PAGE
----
Kids everywhere are hooked to their phones — and one country is trying to put a stop to it. On Dec. 10, France’s education minister Jean-Michel Blanquer announced that the country will ban mobile phones in schools beginning Sept. 2018.
The use of cell phones is already prohibited inside primary and secondary classrooms in France. Although kids will still be allowed to bring the phones on campus, the new ban means students at all schools will no longer be able to use them on breaks, at lunch or between lessons.
This mobile phone ban is raising questions about the practicality of its enforcement, even from France’s headteachers’ union. However, the French government promised everything will get sorted out.
“We are examining the question, the ban could work in a number of ways,” Blanquer told France 24. “Mobile phones might be needed for educational purposes or in an emergency, so it is important that their use is restricted.”
Les portables interdits dans les écoles et les collèges dès la rentrée 2018http://go.redirectingat.com/?id=88890X1542043&url=https%3A%2F%2Ft.co%2F1voO0QnvuV pic.twitter.com/FtrX8s6HCY
— Courrier picard (@CourrierPicard) December 11, 2017
Blanquer said the decision was motivated to improve education and social skills among kids.
“These days, the children don’t play at break time anymore,” Blanquer said, according to the Local, an English-language publication. “They are just all in front of their smartphones and from an educational point of view, that’s a problem.” He also suggested that banning phones may be effective in cutting down on cyberbullying.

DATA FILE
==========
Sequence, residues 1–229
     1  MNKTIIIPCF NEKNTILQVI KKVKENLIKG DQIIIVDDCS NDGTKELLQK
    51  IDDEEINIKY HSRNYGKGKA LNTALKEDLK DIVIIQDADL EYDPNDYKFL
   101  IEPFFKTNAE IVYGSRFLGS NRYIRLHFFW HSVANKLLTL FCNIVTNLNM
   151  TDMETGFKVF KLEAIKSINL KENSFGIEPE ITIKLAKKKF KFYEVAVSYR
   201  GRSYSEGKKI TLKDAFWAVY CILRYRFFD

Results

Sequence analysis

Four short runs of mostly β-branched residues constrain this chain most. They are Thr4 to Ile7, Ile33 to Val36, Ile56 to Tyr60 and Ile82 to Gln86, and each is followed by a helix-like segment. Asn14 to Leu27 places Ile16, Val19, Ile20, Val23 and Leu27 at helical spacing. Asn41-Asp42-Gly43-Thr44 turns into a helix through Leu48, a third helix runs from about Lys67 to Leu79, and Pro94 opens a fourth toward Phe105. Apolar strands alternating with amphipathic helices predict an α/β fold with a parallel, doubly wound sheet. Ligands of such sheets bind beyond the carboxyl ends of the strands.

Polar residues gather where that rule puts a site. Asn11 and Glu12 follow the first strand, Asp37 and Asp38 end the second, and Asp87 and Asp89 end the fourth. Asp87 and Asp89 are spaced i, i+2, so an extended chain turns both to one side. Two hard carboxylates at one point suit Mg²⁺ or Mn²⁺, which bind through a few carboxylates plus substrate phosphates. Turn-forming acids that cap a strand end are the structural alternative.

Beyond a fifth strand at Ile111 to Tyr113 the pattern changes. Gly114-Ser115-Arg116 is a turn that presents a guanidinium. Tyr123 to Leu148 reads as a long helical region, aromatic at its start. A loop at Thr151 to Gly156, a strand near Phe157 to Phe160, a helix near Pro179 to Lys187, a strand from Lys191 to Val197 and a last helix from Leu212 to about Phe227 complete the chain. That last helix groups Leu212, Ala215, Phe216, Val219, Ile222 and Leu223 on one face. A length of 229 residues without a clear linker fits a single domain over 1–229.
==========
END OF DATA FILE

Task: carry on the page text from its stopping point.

As for whether banning cell phones will have any measurable effect on students’ performance, a 2015 study indicated that test scores improved by as much as six percent in British schools with strict bans on cell phones.
“We found the impact of banning phones for these students equivalent to an additional hour a week in school, or to increasing the school year by five days,” according to the study’s authors.
Stateside, enforcing a lasting ban on cell phones in school has proved more difficult. In 2015, the Department of Education lifted the decade-long ban on cell phones in New York City public schools and allowed principals to make their own rules at each school. Since then, an analysis by the New York Post found that cyberbullying has increased 351 percent.
Nationally, policies vary widely. “I really don’t see a consensus,” Elizabeth Englander, a professor at Bridgewater State University in Massachusetts, told The Washington Post. “Nobody really knows what to do. I think everybody’s trying out different things and seeing how they work.”
What do you think? Should there be an all-out ban on cell phones in schools, or should schools make decisions on a case-by-case basis?